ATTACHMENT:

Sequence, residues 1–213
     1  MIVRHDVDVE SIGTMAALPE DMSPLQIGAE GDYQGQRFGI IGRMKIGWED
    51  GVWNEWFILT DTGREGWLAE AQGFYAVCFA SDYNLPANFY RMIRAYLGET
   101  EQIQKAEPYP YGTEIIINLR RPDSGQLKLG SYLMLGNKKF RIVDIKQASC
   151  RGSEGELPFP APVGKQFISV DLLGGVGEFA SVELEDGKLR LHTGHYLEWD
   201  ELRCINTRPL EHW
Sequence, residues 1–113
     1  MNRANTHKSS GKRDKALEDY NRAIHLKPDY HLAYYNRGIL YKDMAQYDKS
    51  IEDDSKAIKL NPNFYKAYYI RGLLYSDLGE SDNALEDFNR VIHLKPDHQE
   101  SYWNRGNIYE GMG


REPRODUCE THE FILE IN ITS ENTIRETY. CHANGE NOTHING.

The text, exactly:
Sequence, residues 1–213
     1  MIVRHDVDVE SIGTMAALPE DMSPLQIGAE GDYQGQRFGI IGRMKIGWED
    51  GVWNEWFILT DTGREGWLAE AQGFYAVCFA SDYNLPANFY RMIRAYLGET
   101  EQIQKAEPYP YGTEIIINLR RPDSGQLKLG SYLMLGNKKF RIVDIKQASC
   151  RGSEGELPFP APVGKQFISV DLLGGVGEFA SVELEDGKLR LHTGHYLEWD
   201  ELRCINTRPL EHW
Sequence, residues 1–113
     1  MNRANTHKSS GKRDKALEDY NRAIHLKPDY HLAYYNRGIL YKDMAQYDKS
    51  IEDDSKAIKL NPNFYKAYYI RGLLYSDLGE SDNALEDFNR VIHLKPDHQE
   101  SYWNRGNIYE GMG